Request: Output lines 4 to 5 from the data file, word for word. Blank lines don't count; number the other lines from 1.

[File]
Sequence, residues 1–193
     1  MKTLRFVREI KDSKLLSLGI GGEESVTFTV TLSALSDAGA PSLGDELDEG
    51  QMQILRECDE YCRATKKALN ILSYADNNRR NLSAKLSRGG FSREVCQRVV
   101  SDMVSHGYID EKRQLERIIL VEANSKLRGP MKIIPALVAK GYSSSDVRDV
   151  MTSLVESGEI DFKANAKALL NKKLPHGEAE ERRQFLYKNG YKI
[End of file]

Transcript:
   101  SDMVSHGYID EKRQLERIIL VEANSKLRGP MKIIPALVAK GYSSSDVRDV
   151  MTSLVESGEI DFKANAKALL NKKLPHGEAE ERRQFLYKNG YKI